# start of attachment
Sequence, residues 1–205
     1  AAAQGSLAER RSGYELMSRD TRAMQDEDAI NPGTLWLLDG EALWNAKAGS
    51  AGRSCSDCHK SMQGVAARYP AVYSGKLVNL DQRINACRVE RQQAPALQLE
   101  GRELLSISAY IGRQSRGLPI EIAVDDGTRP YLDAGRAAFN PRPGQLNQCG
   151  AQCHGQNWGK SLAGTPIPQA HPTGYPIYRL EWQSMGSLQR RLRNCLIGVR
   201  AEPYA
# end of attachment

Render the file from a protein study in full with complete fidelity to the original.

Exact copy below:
Sequence, residues 1–205
     1  AAAQGSLAER RSGYELMSRD TRAMQDEDAI NPGTLWLLDG EALWNAKAGS
    51  AGRSCSDCHK SMQGVAARYP AVYSGKLVNL DQRINACRVE RQQAPALQLE
   101  GRELLSISAY IGRQSRGLPI EIAVDDGTRP YLDAGRAAFN PRPGQLNQCG
   151  AQCHGQNWGK SLAGTPIPQA HPTGYPIYRL EWQSMGSLQR RLRNCLIGVR
   201  AEPYA